People, Let’s Stop Sexual Predators

There’s a serious problem that’s gaining a ton of media coverage: sexual harassment. It’s insane how many women, famous or not, have stepped out and confessed their stories. And now it seems like some of Hollywood’s big faces are going downhill such as Harvey Weinstein, Kevin Spacey, Ben Affleck, talent agent Adam Venit, and ex-NBC television host and journalist Matt Lauer.

    When hearing the name Adam Venit, very few have heard of the talent agent and Hollywood Executive who managed the careers of Emma Stone, Eddie Murphy, and Adam Sandler. But recently, famous actor Terry Cruz accused Venit of sexual assault back in February 2016. It started at an event where Cruz attended with his wife and Adam Sandler where during so, Venit had been fielding stares at Cruz the whole night in an uncomfortable manner. When Venit finally approached him, Cruz offered his hand but Venit grabbed Cruz’s genitals instead. Men can be victims of sexual harassment too, they shouldn’t feel like this doesn’t affect them because of their masculinity. It wasn’t for a year and a half later where Crews filed a report against Venit for sexual assault stating, “People need to be held accountable. This is an abuse of power. He’s one of the most powerful men in Hollywood.” Terry Cruz’s case shows that women aren’t the only ones coming out with accusations of sexual assault. He is representing the majority of men in Hollywood still silent despite the copious amount of allegations coming out.

    From 1997-2017, Matt Lauer was a recurring host on NBC on popular shows like the Today Show and Dateline NBC. He’s interviewed many famous people including President Vladimir Putin and Prince William. On November 29, NBC received a complaint from a colleague disclosing information about Lauer’s inappropriate sexual behavior in the workplace back in 2014. Andy Lack, NBC news chairman, in a later statement went on to state, “we’ve decided to terminate his (Lauer’s) employment. While it is the first complaint about his behavior in the over twenty years he’s been at NBC News, we were also presented with reason to believe this may not have been an isolated incident.”

    After this allegation surfaced the internet, Times wrote that NBC has received to further complaints. So far, all women have chosen to stay anonymous but one came forward in Times telling of her account. She was summoned to his office in 2001 where he sexually assaulted her and caused her to pass out., later she was taken to a nurse. To Times, she said that, “she felt helpless because she didn’t want to lose her job, and that she didn’t report the encounter at the time because she felt ashamed.” In Lauer’s statement, he confirmed there was, “enough truth in these stories to make me feel embarrassed and ashamed,” further adding, “It’s been humbling. I am blessed to be surrounded by the people I love. I thank them for their patience and grace.”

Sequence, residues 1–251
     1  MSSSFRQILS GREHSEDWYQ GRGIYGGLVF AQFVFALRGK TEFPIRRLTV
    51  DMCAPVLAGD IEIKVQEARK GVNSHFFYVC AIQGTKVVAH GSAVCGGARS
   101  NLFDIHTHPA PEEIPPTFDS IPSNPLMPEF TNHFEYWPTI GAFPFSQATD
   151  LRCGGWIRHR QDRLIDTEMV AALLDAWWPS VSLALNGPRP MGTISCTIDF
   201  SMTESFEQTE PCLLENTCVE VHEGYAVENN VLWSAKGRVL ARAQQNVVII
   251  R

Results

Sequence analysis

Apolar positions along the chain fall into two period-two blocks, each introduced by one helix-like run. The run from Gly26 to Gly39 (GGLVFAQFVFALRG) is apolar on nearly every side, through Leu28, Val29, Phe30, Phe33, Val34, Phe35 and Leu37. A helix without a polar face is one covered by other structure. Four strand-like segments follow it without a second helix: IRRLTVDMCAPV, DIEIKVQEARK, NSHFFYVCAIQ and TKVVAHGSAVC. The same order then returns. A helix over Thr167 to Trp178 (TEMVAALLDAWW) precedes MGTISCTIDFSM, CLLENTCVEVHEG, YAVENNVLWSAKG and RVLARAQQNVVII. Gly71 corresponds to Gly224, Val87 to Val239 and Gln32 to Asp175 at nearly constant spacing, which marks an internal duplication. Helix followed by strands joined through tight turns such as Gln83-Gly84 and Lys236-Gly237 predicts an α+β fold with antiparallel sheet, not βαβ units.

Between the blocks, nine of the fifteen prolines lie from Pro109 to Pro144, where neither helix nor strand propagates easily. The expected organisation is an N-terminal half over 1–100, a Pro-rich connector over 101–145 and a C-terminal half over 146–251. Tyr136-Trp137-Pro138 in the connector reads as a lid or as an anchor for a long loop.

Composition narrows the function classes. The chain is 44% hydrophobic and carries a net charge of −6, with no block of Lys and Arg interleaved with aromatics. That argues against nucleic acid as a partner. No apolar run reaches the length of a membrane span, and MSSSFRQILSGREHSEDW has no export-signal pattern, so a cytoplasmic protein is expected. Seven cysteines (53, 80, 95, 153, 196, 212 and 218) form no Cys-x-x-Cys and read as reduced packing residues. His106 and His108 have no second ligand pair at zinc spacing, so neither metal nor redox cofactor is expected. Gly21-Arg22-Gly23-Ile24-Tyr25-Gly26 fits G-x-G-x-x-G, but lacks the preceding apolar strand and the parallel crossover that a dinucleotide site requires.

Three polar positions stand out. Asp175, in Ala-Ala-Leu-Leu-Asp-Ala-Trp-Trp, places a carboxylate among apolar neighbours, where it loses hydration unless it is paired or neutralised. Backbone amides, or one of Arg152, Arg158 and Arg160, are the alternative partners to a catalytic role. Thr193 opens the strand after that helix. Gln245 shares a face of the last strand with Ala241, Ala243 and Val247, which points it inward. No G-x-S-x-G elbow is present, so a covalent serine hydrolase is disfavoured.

Now it’s politicians taking the spotlight. KABC radio anchor, Leeann Tweeden, accused Al Franken for aggressively kissing her in 2006 while on USO tour. He’s also pictured groping her breasts while she was asleep on an airplane, according to Fox News.

    Then Joe Biden. Although he hasn’t been accused of any sexual allegations, there’s photos floating around the Internet of him smelling, touching, hugging, and whispering to women as well as little girls; and by the looks on their faces, it’s evident they’re completely uncomfortable.

    Even the president, Donald Trump, stated his sexual attempt onto a married woman and made inappropriate remarks regarding women on tape recorded by Access Hollywood in 2005. Who knows what else is happening with the other politicians.

    And if you think this issue doesn’t concern you because it doesn’t affect you, you are terribly wrong. Sexual harassers are everywhere and do not only exist as politicians or Hollywood stars, they can be the average person. They can be your mailman, your neighbor, your teacher, your coworker, your boss, your friend, and even your family.

    It is unfair to live in a society in fear of potentially being sexually harassed, anywhere you turn. In a 2014 U.S. national 2000 person survey from Stop Street Harassment, approximately 65% of women and 25% of men (mostly LGBTQ identified) have experienced some form of street harassment and that’s just street harassment alone. Who knows where the numbers lie in the workforce, college campuses, etc.

    Being harassed is one thing, publicly coming forward and making a statement is another. Often times, women fear of coming out if their harasser is someone of importance- such as their boss. When Janice Dickinson was asked on Entertainment Tonight why she took 32 years to publicly accuse Bill Cosby of sexual harassment, it was because she was “ afraid of being labelled a whore or a slut and trying to sleep my way to the top of a career that never took place.”

    140 women from legislators and lobbyists from California have signed a letter addressing the “pervasive culture of sexual harassment” according to the LA Times. 2016 was a year where everybody’s favorites celebrities died. 2017 is a year where everybody’s favorite celebrities are sexual predators. Men and women can be the victims or the sexual harassers. There is a crack of opportunity to change and if Hollywood can fire the sexual harassers, why hasn’t the same been done with politicians?

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